Some Context

I am going through David Griffith's Introduction to Quantum Mechanics (Second Edition), Chapter 10, Section 10.2 on Berry's phase.

Suppose we have a system with a time-dependent Hamiltonian $\hat{H}(t)$ that is non-degenerate for all $t$ with discrete energies $E_{1}<E_{2}<\cdots$. Suppose further that the system starts in one of the energy eigenstate $|\psi(0)\rangle = |\psi_{n}(0)\rangle$. In the book, we conclude that if a system is undergoing adiabatic change, then the state of the system is approximately $$ |\psi(t)\rangle = e^{i\theta_{n}(t)}e^{i\gamma_{n}(t)}|\psi_{n}(t)\rangle $$ where $$ \theta_{n}(t) = -\frac{1}{\hbar}\int_{0}^{t} E_{n}(\tau)\, d\tau \qquad\text{and}\qquad \gamma_{n}(t) = i\int_{C} \langle\psi_{n} | \nabla_{R}\psi_{n} \rangle\cdot d\vec{R}. $$ See (10.23) and (10.45) in the book. Here $\vec{R} = (R_{1}, \ldots, R_{N})$ is a vector of time-varying parameters that are responsible for the time-dependence of the Hamiltonian: $$ \hat{H}(t) = \hat{H}(R_{1}(t), \ldots, R_{N}(t)). $$

Now in the book, equation (10.43), we took $$ \nabla_{R}\psi_{n}\cdot \frac{d\vec{R}}{dt} = \frac{\partial\psi_{n}}{\partial R_{1}}\frac{dR_{1}}{dt} + \cdots + \frac{\partial\psi_{n}}{\partial R_{N}}\frac{dR_{N}}{dt} $$ in the derivation of (10.45).

Now my questions concerns a specific step in Example 10.2. In the example, we are considering an electron in a magnetic field of constant magnitude $B_{0}$ and time-varying direction given by $(\theta(t), \phi(t))$ in spherical coordinates. The spin-up eigenstate along $\vec{B}(t)$ is given by $$ |\chi_{+}(t)\rangle = \begin{pmatrix} \cos(\theta/2) \\ e^{i\phi}\sin(\theta/2) \end{pmatrix}. $$ See (10.57). Now afterwards, to calculate the Berry phase the book takes the gradient as \begin{align*} \nabla|\chi_{+}(t)\rangle = \frac{\partial |\chi_{+}\rangle}{\partial r} \vec{e}_{r} + \frac{1}{r}\frac{\partial |\chi_{+}\rangle}{\partial\theta}\vec{e}_{\theta} + \frac{1}{r\sin\theta}\frac{\partial |\chi_{+}\rangle}{\partial\phi}\vec{e}_{\phi}. \end{align*}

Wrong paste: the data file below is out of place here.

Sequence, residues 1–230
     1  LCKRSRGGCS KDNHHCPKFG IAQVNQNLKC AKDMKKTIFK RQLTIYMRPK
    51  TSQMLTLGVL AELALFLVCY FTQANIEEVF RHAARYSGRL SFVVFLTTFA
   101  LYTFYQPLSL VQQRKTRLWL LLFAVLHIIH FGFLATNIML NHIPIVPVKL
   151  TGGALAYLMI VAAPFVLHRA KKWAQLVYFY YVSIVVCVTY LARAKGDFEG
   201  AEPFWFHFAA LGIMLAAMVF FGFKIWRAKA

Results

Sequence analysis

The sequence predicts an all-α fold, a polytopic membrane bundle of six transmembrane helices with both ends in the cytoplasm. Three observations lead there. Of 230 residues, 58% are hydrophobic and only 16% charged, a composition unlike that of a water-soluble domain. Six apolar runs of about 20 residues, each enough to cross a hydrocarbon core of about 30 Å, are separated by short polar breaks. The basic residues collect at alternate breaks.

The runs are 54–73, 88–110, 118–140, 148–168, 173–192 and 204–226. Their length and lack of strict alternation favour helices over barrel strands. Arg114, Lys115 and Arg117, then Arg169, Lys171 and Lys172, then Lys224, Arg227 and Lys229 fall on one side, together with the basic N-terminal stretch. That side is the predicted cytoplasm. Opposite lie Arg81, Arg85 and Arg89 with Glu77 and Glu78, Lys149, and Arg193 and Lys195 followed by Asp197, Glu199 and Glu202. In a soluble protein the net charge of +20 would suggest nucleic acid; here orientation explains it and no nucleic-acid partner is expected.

Now what I don't understand here is, if $\theta(t)$ and $\phi(t)$ are the time-varying parameters $R_{1}$ and $R_{2}$, shouldn't we simply have \begin{align*} \nabla|\chi_{+}(t)\rangle = \frac{\partial |\chi_{+}\rangle}{\partial R_{1}} \vec{e}_{1} + \frac{\partial |\chi_{+}\rangle}{\partial R_{2}}\vec{e}_{2} = \frac{\partial |\chi_{+}\rangle}{\partial \theta} \vec{e}_{\theta} + \frac{\partial |\chi_{+}\rangle}{\partial\phi}\vec{e}_{\phi}? \end{align*} Griffiths offers no reason why the parameters should be interpreted as physical coordinates, and the equation (10.43) involves the gradient only in Cartesian form. What justifies us taking the gradient in terms of spherical coordinates in that scenario?

I think more broadly, my question is, the formula for Berry's curvature (10.45) involves a gradient with respect to parameters $R_{1}, \ldots, R_{N}$. But a gradient is something that depends on a metric? What metric are we presupposing in this equation?

An answer to either of my questions would be greatly appreciated.


2 Answers 2


The object you are integrating is the differential form $$ d\gamma = A_\mu dx^\mu.$$ We could either write it as $d\gamma = A_\theta d\theta + A_\phi d\phi$ which would use the standard definition $ A_\mu = i\langle \psi| \partial_\mu |\psi\rangle $ or we could equivalently use gradients and write it as $ d\gamma = \mathbf{A} \cdot d\mathbf{R}$, where now $\mathbf{A} = i\langle \psi | \nabla |\psi\rangle$, where the gradient is defined in polar coordinates. I believe the author uses polar coordinates for the gradient because there is a relationship between the Euclidean space the spin is situated in and the abstract parameter space, where the parameter space is the orientation of the spin in Euclidean space.

In terms of metrics:

$$ A_\mu = \langle \psi | \partial_\mu |\psi\rangle = g_{\mu\nu} \langle \psi | \nabla^\nu |\psi\rangle \quad \Rightarrow \quad A_\mu dx^\mu = g_{\mu \nu} \langle \psi | \nabla^\nu |\psi\rangle dx^\mu = \mathbf{A} \cdot d \mathbf{x}$$

The additional factors from using the gradient in the polar coordinate system will be cancelled as the dot product and line element $d \mathbf{R}$ will be expressed in polar coordinates, so we get the same integrand with either definition.


The integral for $\gamma_{n}(t)$ was derived from an application of the chain rule in (10.43). If you consider that part, you will find that it doesn't matter what metric you use. By the chain rule we have $$ \frac{\partial\psi}{\partial t} = (\nabla_{1}\psi)\cdot_{1}\frac{d\vec{R}}{dt} = (\nabla_{2}\psi)\cdot_{2}\frac{d\vec{R}}{dt} $$ where the gradient and dot-product are taken with respect to any metrics $g_{1}, g_{2}$. As long as the dot-product and gradient use the same metric and we are consistent, it doesn't matter what metric is used.

I find it unfortunate that Griffiths doesn't make this explicit, so it seems like there is a gap in reasoning in the book.


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